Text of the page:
Wall-braced cage buildings are one of five structural types that comprise the more than 400 late-19th-century tall buildings analyzed by Friedman. The others include: "Pure bearing-wall buildings," "Mixed bearing-wall buildings," "Frame-braced cage buildings," and "Skeleton-frame buildings," with "Wall-braced cage buildings" falling between the last two in an evolutionary order from traditional construction to the most modern technique that would eventually spawn considerably taller skyscrapers in the early 20th century. The different types of systems aid in understanding how engineers and contractors tackled tall buildings between 1871 and 1900, also revealing that newer technologies did not simply displace older ones; the bearing-wall Monadnock Building, after all, was completed six years after the Home Insurance Building. Simplifications of histories by Condit and others have become standard, but Friedman paints a much more complex picture.

The Structure of Skyscrapers in America, 1871–1900 is basically one book in two halves: eight chapters across 200 pages on the history, analysis, and preservation of skyscrapers in the years of the title; and a 225-page appendix that presents the 443 buildings of ten or more stories that comprised Friedman's research. The former is clearly written and abundantly illustrated, with archival images alongside new diagrams, such as those on the five types of structures; these make the book easy to follow regardless of its focus on technical matters. One chapter is devoted to preservation, which is clearly an extension of the work carried out by Friedman's firm and an indicator of why the book was published by the Association for Preservation Technology — where it can be purchased. The many extant buildings from the last three decades of the 19th century that require preservation, particularly in Chicago and New York, make understanding the nuances of their structural systems imperative.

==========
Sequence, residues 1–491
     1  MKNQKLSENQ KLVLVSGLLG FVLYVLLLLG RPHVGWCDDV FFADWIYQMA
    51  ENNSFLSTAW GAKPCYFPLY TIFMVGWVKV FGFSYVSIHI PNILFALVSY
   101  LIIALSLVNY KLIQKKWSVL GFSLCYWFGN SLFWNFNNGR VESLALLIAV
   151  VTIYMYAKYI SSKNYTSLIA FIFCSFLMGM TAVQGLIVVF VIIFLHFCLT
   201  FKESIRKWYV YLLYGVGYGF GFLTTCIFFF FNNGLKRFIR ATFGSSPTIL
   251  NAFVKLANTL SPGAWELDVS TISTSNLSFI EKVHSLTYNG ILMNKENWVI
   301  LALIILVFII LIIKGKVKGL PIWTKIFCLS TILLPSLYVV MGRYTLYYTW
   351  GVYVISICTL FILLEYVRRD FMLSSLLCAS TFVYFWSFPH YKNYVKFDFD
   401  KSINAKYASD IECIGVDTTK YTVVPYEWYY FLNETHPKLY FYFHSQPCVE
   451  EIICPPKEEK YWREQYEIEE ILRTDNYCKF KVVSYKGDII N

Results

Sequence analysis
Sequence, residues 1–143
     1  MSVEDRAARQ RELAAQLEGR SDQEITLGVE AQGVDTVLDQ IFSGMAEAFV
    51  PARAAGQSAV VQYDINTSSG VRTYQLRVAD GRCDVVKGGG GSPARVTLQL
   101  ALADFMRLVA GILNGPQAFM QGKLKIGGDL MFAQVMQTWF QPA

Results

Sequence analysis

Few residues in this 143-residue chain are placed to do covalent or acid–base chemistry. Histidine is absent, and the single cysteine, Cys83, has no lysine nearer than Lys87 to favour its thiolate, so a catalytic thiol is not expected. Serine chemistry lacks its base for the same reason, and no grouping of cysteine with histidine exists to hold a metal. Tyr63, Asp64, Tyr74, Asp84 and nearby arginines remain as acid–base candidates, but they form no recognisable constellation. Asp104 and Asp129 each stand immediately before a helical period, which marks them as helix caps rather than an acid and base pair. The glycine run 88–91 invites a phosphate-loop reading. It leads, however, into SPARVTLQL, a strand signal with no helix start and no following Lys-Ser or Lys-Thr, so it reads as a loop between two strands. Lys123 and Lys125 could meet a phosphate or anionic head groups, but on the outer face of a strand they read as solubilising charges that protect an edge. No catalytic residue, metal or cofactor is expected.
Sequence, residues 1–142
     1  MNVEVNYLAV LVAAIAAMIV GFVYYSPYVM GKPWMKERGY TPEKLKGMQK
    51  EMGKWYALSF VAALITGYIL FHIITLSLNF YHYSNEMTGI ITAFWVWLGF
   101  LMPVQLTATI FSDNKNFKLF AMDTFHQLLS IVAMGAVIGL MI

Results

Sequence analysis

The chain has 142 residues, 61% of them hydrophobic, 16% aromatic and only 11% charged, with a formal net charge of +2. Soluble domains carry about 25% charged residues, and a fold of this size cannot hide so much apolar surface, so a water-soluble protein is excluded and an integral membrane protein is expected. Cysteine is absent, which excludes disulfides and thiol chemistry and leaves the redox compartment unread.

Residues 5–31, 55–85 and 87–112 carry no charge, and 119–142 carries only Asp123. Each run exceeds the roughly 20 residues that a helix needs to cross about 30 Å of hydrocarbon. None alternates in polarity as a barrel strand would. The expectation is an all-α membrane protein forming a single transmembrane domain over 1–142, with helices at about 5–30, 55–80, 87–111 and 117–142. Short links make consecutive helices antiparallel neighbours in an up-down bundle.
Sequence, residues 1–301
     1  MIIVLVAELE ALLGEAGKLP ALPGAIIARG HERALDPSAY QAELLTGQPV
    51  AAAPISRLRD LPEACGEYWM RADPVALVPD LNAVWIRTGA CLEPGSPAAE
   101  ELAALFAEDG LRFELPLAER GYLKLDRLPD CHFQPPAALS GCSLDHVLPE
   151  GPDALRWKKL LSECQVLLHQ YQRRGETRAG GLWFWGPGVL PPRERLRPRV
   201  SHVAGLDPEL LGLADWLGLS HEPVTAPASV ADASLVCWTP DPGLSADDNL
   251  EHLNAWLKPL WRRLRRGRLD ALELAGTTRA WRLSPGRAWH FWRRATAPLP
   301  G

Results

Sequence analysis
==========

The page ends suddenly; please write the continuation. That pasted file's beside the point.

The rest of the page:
The buildings collected in the appendix are documented consistently and in chronological order of completion, with stats indicated when known: name, address, date, architect, builder, types of structure, framing and walls, use, # floors, height, width, depth, slenderness ratio, costs, and sources. One image, typically a photograph, is provided for nearly all of the buildings, with each building given half a page. The appendix is an amazing resource, since it presents buildings often omitted from histories of architecture and does so in a straightforward manner. Unfortunately, the buildings in the appendix are not referenced in the preceding chapters when they are mentioned, which makes it hard to find certain buildings. One such example is the Gillender Building in New York City, which is illustrated on page 126 and stands out for its extreme slenderness ratio of 10.5. The photo caption does not include the completion date, so one has to flip to the "by location" index to find it under "New York, New York" and then see it is on page 359. Even if the date was known, the order of buildings within years is not apparent; it looks like buildings are grouped on spreads by location or other considerations rather a logical one like alphabetical order. A last quibble with the appendix is the lack of an extant/demolished designation; the Gillender Building, again, was built in 1897, but one needs to venture elsewhere, such as Nathan Silver's Lost New York, to see that it was demolished just thirteen years later. These are minor issues in a book that is an excellent resource for historians and preservationists interested in early skyscrapers.